CM . . .
. Volume VIII Number 16 . . . . April 12, 2002
Elliot Moose woke up with his nose twitching and his feet itching. He ran to the big front door, looked through the letter slot and grinned from ear to ear.
"It's spring!" he whooped.
The snow was melting. There were rivers and puddles everywhere. He and Socks could build dams and race twig boats today!
"Socks," called Elliot. "Spring is here. Let's go outside!"
Spring is finally here, and Elliot Moose, star of this sixth book in the series created by Andrea Beck, can't wait to get outside. He's so impatient to get outside that rather than wait for Socks the monkey to open the door, he decides to attempt to get out himself through the letter slot in the front door.
Imagining Sock's surprise if he got out by himself, Elliot manages to worm his head through the slot but can go no further. His tummy simply will not budge. When Socks arrives, his attempts to push Elliot through don't work, nor do his tries to pull him back in. Elliot is stuck. In a situation reminiscent of Winnie-the-Pooh in Rabbit's hole, Elliot waits as his friends gather and form a chain. When this approach doesn't work, Elliot overhears a plan involving scissors and saw and grease being hatched. This inspires him to take things into his own hands.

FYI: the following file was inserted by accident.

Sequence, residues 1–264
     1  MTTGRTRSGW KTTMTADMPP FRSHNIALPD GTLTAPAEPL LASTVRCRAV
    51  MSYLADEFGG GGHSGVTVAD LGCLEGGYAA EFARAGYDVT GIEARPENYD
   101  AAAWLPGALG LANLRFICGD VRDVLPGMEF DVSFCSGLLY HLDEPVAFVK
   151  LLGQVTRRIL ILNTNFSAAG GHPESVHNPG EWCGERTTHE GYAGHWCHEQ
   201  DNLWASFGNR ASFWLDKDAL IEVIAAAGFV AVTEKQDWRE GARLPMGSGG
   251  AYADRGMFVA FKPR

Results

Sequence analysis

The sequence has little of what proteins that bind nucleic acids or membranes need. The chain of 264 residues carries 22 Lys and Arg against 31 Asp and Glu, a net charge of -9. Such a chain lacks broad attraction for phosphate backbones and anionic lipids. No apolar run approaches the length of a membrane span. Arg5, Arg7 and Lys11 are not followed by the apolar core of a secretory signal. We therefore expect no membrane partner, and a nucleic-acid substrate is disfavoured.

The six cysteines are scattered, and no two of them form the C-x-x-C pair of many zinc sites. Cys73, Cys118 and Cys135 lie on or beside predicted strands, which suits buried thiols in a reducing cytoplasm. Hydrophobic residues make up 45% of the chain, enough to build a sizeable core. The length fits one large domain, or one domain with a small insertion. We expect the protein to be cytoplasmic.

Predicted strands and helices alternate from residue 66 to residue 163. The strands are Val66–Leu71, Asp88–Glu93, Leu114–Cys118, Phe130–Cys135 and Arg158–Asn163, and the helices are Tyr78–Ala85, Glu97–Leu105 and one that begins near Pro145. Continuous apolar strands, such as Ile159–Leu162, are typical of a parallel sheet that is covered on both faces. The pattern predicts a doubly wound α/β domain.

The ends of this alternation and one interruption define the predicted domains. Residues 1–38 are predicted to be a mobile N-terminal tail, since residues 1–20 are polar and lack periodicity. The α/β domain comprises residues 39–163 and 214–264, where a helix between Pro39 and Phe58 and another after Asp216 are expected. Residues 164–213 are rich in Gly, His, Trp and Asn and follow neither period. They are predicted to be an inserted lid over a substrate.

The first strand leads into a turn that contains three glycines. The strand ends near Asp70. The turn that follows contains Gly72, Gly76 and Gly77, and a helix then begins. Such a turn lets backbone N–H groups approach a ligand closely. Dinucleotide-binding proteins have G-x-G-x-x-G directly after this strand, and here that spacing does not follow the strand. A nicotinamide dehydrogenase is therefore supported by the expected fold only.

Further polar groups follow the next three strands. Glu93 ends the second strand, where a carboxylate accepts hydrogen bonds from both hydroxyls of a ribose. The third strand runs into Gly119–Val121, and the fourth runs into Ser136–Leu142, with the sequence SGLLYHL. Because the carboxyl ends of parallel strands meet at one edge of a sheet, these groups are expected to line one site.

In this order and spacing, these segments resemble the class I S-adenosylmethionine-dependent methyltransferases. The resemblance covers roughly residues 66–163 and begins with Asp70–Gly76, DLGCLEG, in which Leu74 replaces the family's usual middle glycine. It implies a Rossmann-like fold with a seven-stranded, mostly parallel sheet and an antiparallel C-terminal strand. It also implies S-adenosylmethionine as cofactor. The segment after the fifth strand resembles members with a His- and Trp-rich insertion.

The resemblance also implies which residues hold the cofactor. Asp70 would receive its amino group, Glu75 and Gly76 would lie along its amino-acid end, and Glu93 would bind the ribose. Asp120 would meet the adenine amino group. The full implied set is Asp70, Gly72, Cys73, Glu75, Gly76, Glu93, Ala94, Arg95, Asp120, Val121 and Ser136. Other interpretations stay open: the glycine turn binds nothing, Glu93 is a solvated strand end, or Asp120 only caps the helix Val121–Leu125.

His friends, involved in their plan to get him out, fail to notice his wiggling. When he finally escapes, Socks asks how he got out. "The same way I got in!" laughs Elliot, and the group is finally on their way outside.
The story, like the other Elliot tales, is simple, and yet the situations and feelings portrayed are all those to which young children can relate, from the frustration at not being tall enough to reach the door handle to the anxiety at being in a bad situation and wanting to help a friend.
The real charm of the stories comes from the exquisite illustrations. Beck's creations leap off the page, so detailed are her pencil crayon illustrations. Her pictures have texture, verisimilitude and poignancy -- stemming from the fact that we can see each stitch in Sock's body, each fur in Elliot's form and each grain of wood on the floor. Beck never makes them look like actual animals as opposed to stuffed animals, and yet her characters appear real, by virtue of their expressions and their ability to portray emotion.
Those familiar only with the television show of the same name should have a look at the series that inspired it. The books are sure to become favorites in a school or family library. The illustrations in this book are beautiful and complement the story's loving theme. In soft pastel colors and simple lines, these pictures illustrate the mother-child bond seen throughout a typical day's games and chores. While the couplets describe the activities of a typical day, it is the illustrations that make this book pleasing.
Greenaway has worked in bookselling and publishing but is now at home
with her small children in Edmonton, AB.
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